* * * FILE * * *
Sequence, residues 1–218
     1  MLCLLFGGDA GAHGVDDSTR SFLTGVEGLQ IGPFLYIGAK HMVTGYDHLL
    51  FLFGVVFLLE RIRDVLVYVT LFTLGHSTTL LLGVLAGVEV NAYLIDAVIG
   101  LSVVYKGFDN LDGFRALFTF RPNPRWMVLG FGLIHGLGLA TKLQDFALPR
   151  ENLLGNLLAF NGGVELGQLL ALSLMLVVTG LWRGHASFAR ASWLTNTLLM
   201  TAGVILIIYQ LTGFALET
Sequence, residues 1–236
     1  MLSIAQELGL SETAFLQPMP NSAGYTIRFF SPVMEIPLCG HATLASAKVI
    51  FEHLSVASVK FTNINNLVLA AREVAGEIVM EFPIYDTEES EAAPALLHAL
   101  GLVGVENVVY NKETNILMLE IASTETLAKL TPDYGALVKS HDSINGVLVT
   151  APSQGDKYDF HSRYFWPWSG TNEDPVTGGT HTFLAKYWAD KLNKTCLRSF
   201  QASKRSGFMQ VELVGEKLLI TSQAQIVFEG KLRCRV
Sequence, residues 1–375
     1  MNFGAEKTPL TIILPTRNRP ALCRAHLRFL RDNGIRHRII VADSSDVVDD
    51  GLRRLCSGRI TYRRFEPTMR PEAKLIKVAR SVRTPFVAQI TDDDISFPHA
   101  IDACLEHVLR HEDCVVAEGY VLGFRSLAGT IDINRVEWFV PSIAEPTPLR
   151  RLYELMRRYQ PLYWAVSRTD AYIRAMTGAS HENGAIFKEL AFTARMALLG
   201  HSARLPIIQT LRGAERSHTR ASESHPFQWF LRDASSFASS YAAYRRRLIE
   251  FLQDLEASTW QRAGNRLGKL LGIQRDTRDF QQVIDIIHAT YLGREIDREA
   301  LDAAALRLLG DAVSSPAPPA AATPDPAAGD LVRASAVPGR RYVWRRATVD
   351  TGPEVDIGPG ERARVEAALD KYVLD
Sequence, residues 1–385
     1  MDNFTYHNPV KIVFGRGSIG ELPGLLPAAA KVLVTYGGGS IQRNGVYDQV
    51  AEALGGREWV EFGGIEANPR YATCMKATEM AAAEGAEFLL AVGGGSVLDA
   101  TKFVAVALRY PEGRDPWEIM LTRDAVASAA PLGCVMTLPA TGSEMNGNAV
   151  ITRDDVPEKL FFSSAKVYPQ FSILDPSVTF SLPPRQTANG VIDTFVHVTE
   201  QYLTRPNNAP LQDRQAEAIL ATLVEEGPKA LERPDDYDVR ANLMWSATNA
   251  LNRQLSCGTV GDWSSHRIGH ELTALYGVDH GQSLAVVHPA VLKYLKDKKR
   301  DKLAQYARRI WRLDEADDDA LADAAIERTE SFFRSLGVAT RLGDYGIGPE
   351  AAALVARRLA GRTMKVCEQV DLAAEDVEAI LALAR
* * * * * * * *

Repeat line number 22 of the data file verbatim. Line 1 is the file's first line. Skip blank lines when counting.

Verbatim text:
Sequence, residues 1–385